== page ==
Today, March 1st, is my birthday. This will be a quick post, since I’ll be going out to dinner soon. I’m gonna tell you about a pretty awesome birthday present I got today.
My birthday coincided with the date that Mets single game tickets went on sale. In addition to the 6 games I am already attending, I’m going to be going to…
That’s right, Opening Day! I’m very excited to go. It’s one of my favorite times of the MLB Season. Each team starts with a clean slate. This year it landed on Spring Break, so I won’t have to “be sick” in order to see the game. Last year Johan Santana pitched 5 shutout innings, than Ramon Ramirez and Frank Francisco sealed it up. It was looking to be a great year, as the Mets started out 4-0 (four days in which there was no showering… too supersticous?)
I’ve been to one Opening Day game, in 2010. Johan Santana once again pitched masterfully against Josh Johnson, and it was the Mets first win against Josh Johnson. A lot’s changed since then, and now the Mets won’t have to worry about facing Josh Johnson.
This year they’ll be facing the San Diego Padres. Since last year they started out with a sweep to the Atlanta Braves, I don’t see it being too hard to win. But I don’t want to jinx anything.
This was more of a surprise post. I’ll post 2-3 more posts this month, and 3+ again in April, as I’m attending 3 games in April alone! There’s been years where I’ve gone to 3 games!
Anyway, leave your comments, questions, and “HAPPY BIRTHDAY!”s in the comments below.
This season will be my biggest ever, and first with an MLBlog, which I’m looking forward to updating throughout the season with my experiences going to games. I had previously written a blog called Ballpark Guide, where I wrote general information about MLB Stadiums, some I have been to, some I just researched. That started in the spring of last year in 7th Grade (A Year Ago, I’m in 8th now.) It was for a school project, where we would have to research something on the Internet and blog about it, and we would be graded. From the get-go, mine was getting way more views than many other students, and I ended up getting an 100% (A+) on the project. It was the first year the project had been done, and it was an alternative to having to read a book and write a report on it.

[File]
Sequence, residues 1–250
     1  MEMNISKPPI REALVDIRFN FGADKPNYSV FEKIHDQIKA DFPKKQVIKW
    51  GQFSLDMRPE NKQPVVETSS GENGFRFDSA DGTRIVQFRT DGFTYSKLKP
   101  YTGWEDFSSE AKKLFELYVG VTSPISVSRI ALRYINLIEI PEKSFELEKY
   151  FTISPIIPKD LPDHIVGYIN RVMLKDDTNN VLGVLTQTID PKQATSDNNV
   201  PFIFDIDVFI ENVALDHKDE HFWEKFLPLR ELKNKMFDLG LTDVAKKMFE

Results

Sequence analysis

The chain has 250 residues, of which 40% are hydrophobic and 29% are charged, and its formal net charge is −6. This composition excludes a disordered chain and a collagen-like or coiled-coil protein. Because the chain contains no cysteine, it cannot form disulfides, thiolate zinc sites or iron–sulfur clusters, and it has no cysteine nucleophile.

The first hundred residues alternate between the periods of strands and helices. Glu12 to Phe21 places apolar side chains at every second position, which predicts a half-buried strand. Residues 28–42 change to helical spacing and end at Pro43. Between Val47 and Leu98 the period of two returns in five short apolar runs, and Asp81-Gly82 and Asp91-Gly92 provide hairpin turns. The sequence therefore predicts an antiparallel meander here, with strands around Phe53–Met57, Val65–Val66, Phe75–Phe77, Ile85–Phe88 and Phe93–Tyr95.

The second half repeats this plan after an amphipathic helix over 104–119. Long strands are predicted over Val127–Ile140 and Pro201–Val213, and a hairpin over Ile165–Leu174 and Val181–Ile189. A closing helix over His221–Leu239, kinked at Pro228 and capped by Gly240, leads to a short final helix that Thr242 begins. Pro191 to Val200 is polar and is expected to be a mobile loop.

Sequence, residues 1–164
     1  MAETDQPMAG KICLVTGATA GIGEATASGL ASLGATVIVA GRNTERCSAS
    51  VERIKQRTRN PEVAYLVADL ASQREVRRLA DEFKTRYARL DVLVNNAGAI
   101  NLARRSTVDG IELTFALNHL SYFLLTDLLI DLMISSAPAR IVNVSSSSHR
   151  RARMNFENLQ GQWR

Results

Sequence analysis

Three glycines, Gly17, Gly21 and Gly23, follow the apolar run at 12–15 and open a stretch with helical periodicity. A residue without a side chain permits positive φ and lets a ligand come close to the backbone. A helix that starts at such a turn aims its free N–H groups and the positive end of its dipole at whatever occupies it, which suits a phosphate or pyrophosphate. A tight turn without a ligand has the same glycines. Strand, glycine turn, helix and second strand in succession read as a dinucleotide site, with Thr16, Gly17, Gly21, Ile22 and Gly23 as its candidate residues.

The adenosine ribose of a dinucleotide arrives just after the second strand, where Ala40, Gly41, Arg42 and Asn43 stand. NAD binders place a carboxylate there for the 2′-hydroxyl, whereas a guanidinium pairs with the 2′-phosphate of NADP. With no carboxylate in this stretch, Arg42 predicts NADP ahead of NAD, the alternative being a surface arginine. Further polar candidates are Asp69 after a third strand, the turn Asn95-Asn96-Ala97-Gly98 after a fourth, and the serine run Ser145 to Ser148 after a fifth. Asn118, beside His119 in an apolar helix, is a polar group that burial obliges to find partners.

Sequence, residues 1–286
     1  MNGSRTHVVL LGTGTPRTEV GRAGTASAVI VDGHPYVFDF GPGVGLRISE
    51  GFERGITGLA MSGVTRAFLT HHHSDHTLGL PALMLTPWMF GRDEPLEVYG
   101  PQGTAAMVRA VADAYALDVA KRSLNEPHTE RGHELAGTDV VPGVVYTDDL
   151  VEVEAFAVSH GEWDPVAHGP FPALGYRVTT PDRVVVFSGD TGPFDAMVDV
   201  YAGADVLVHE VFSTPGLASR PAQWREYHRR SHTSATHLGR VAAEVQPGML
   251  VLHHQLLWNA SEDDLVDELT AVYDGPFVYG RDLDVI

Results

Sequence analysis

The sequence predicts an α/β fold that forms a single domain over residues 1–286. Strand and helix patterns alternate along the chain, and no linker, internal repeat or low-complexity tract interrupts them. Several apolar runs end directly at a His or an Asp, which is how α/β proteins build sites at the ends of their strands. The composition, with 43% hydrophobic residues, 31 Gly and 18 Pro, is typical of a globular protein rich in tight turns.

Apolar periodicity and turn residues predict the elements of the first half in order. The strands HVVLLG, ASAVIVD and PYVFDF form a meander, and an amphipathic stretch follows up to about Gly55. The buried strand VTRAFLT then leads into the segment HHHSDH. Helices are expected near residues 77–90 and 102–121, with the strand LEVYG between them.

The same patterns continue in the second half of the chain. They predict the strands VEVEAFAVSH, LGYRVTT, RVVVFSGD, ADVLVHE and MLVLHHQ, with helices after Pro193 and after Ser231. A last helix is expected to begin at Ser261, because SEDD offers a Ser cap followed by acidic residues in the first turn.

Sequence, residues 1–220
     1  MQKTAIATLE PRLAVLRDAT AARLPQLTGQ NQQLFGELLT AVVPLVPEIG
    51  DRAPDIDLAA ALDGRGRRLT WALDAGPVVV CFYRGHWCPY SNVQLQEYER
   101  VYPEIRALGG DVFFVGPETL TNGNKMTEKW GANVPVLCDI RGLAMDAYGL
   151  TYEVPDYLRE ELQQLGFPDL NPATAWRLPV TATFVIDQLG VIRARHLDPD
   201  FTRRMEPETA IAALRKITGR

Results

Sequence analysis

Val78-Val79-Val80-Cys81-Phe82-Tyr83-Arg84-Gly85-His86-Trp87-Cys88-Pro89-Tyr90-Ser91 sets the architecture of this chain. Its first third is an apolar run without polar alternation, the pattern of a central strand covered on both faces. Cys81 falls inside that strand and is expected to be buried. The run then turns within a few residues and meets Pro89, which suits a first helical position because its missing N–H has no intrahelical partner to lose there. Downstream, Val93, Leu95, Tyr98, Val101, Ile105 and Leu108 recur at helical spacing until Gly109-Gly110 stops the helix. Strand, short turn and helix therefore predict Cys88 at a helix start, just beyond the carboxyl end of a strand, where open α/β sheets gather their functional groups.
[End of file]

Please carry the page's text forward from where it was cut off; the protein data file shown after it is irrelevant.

After the school year I transferred the blog to my home (non-school) email-address, and I didn’t write at all over the summer, yet it still gained views from people looking back through the archives. I wrote two more articles this winter about the Wrigley Field Renovations and How Ballpark Names Have Changed Over the Years. But more recently I’ve discovered many new friends on twitter, most who are ballhawks and owners of their own MLBlogs. I loved how MLBlogs is a lot like a community. People read, write, and interact with eachother, and about an addiction of mine I don’t go a day without thinking about: Baseball. Am I the only one who thinks that’s completely awesome? The interface of WordPress compared to Blogger is different for me, but I’ll get used to it.
That’s when I started to think about getting one of my own, but I avoided it because I didn’t think I would have anything original to write. I wasn’t going to write about ballhawking, because, to put it plainly, I’m not a ballhawk. I still have a live game ball thrown from Carlos Beltran after the third out that my dad caught, and some MiLB balls. And even if I did start ballhawking, It would be uninteresting because I’d be an awful rookie and it’s already a somewhat worn out idea. I’m not going to write about MLB News, because that’s an even more worn out idea, and besides, I’m not a credible news source. (Who needs all these places to get news anyway?) What was I going to write about, going to games? I’m three hours+ away from Citi Field and the most I’ve gone to is four in a year at Shea (one NLCS Game) in 2006, the greatest season I’ve ever watched (that was the first year I got into baseball, I was hooked.) Ah, such a magical season, but I don’t want to get off topic. Four articles a year doesn’t keep anybody entertained.
This Christmas, I basically said to my family: I want tickets. People in my grade are getting iPhone 5′s, laptop’s, Wall Mounted Flat-Screens, etc. But I’d much rather go to a Mets game than have any overpriced gadget. So this year for Christmas, I was curious when I woke up to a small little box. It was a dark, deep, blue color with a picture of a creepy Mr. Met in a Santa Hat on it. My heart was beating. I opened it — 8 tickets. I did the math– 4 games, 2 tickets each. I already had 4 guaranteed games. Awesome. This was the first time I’ve gotten any tickets (let alone to 4 games) before the season started, I usually just find out a few weeks in advance.
It was after that, on Christmas Morning, my two grown-up older sisters told me they had teamed up money to buy me another ticket, which was the same weekend as a game on my pack. The count is now at five. And just weeks ago I learned I am also taking another trip on a bus to a Mets game for an annual fundraiser (that post may be less detailed than the others.) So that’s six. And those are just guaranteed games.
I’ll cut to the chase, here are the games I’m going to and all the information I know about them. I’ll try to inform readers with updated posts of my plans if anything is added or changed. If anybody is going to these games, or has any comments or questions, I’m encouraging you to comment below. I would really love to interact with other readers, bloggers, ballhawks, etc.